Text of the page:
City Hall

Commerce City Manager Darrek Ferrell responded to a claim by a local business-owner that he carried a "vendetta" against the claimant.

The Commerce City Manager explained the process behind the procurement of services for an upcoming city auction and responded to the claim that he carried a “vendetta” against a local business owner.

On April 18 at the regularly scheduled City Council meeting, Jake Cunningham with Calvary Auctions, a locally-based auction house, came before the council during the public comment period of the meeting seeking answers.

He relayed his account of his recent bids to work the upcoming City of Commerce auction, which is scheduled for Saturday. He stated that he put forth two bids to provide services, a first bid that would charge the city a fee of $1 per item while providing just a bid caller, while a $3 per item option would provide more workers to run the auction. All fees collected would be then donated to the Commerce Lil’ Angels charity, Cunningham said.

The city did not go with the bid from Calvary, but instead with Norwood Auctions, who is charging the city 10-percent of the total sale price of the items.

Cunningham, who has been heavily critical of the council, city manager and actions taken by the city in recent years on social media, said he simply wanted an answer.

“I want to know that my bid was not accepted because someone outbid me, not because of a personal vendetta,” Cunningham said.

Speaking over the phone, Cunningham said that he heard from another auctioneer friend that the city was going with another bid after the decision was made.

“We called all the city council members we had numbers for,” Cunningham said. “We just wanted to know why on earth they would not go with my bid.”

Cunningham reiterated statements he made at the council meeting, saying that the city’s decision could mean a payout of several thousands of dollars to Norwood, when his bid would only run at a maximum of $3 per item. He says that he believes it’s because the City Manager, Darrek Ferrell, holds a grudge.

“I do believe he holds a grudge against me,” Cunningham said. “I think it would stem from statements I have made regarding his handling of the resignations of former police chiefs Kerry Crews and Jason Rector, among other things.”

Emails shared by Cunningham show correspondence between himself and several city staff members. In one email dated March 30, Commerce Public Safety Director Chris Bassham estimated the number of city staff members necessary for the proposals from each company. Bassham estimated the number of staff needed for Norwood’s bid to be either six or seven employees, and eight employees for the bid from Calvary. Cunningham says this is another instance that doesn’t add up to why Norwood was chosen.

He said he is still searching for answers after the council meeting.

“I haven’t heard anything from the city or the council since I spoke at the meeting,” Cunningham said. “If Norwood’s 10-percent fits the city’s budget better, then that’s fine. I just don’t see how it could. Not getting this auction could cost me money down the road if I can’t add these buyers to my client list.”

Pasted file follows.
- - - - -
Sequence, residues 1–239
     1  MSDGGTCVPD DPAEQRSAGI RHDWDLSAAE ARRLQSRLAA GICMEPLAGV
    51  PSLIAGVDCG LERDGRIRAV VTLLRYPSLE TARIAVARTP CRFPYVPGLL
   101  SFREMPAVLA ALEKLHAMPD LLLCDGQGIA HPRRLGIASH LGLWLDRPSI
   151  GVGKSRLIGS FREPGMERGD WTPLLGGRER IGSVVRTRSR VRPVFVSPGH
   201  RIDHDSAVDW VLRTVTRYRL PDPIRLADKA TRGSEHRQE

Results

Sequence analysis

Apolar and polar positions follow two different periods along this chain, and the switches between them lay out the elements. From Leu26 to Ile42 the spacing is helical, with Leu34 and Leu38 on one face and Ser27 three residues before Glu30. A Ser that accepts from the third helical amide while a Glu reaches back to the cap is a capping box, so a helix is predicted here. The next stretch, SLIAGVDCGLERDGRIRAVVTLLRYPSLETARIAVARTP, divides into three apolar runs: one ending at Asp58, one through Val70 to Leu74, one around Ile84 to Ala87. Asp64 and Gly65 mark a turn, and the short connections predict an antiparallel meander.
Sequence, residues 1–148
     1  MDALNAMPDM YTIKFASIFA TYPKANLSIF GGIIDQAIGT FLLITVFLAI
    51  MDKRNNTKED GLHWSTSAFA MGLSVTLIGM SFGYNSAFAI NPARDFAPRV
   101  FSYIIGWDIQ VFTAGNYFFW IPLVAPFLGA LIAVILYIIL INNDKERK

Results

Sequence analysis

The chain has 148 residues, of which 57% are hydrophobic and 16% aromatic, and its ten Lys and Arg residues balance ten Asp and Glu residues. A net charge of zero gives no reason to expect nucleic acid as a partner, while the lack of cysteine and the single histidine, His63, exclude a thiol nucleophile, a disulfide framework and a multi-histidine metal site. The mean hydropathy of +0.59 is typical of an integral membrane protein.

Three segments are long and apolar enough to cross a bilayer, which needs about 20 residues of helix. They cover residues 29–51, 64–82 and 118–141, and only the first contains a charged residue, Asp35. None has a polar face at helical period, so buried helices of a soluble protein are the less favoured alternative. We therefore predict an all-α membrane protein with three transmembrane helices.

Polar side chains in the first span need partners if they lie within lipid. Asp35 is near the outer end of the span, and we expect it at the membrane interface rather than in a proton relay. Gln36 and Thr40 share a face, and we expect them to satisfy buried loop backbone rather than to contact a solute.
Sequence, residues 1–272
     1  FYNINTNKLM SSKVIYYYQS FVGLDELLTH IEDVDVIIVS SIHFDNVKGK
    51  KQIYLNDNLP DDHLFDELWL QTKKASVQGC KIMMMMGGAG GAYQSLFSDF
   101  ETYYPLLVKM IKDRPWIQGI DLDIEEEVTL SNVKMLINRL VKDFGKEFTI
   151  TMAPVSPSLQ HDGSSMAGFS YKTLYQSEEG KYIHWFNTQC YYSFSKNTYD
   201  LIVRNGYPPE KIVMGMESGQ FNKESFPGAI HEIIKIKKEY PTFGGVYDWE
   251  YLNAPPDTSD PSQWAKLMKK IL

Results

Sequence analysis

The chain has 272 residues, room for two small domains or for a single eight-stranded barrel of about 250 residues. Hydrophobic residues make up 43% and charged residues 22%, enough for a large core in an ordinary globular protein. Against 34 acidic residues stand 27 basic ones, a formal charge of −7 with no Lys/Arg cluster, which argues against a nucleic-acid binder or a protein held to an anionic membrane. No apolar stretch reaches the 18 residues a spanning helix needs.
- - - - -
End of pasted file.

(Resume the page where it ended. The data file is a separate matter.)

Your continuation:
In response, Ferrell says that there were several factors that went into the decision, none of which have anything to do with a vendetta.

Ferrell explained that one of the reasons Norwood was chosen was the ability to not have to use city staff. City Accounting Supervisor Jamie Campbell added that that since that particular email was sent, Norwood clarified that no city employees would be needed, as Norwood’s bid states that they will “handle all advertisement, all load out, all PR work for promotion of the auction,” and that a clerk, cashier and “other personnel” were included.

“We are no longer being held accountable [for using city staff],” Campbell said said. “Norwood has confirmed that they’re bringing their own equipment to help move vehicles and their own crew.”

Emails sent between Cunningham and city staff show that he was asking the city to do the advertising, as well as paperwork and title work.

Ferrell says it comes down to price versus value when assessing the bids, saying that the city benefits from not having employees accrue overtime by working on their day off.

“Mr. Cunningham’s bid is an excellent price. But the value to the city is having the service that allows us to continue providing the services our citizens expect from us without going over our authorized expenditures,” Ferrell said. “We are not always required to accept the low bid. Our purchasing policy is to get the best deal for the city, which may mean the best value.”

Campbell added that since the auction is not something that the city had budgeted for to begin with, the revenue from the auction is a net gain for the city even with 10-percent going to Norwood.

“We are not actually spending taxpayer money to pay for this auction, this is a chance for the city to boost our revenue and not affect our expenses,” Campbell said.

Ferrell adds that he, personally, does not perform the procurement process for bids to the city, that he acts on the recommendations of city staff. The consensus seemed to be that the Norwood bid was more concise and concrete.

On the subject of any “vendetta” he may have against Cunningham, Ferrell was candid in his response.

“I can’t carry a personal vendetta against anybody who’s ever rude or mean to me or says hateful things. My job is to do what’s best for the City of Commerce,” Ferrell said. “Whether or not I like Jake doesn’t really matter. There’s not really anything personal in this at all.”

The city auction is scheduled for 10 a.m. on May 4 at the former farmer’s market pavilion on Bonham Street near downtown.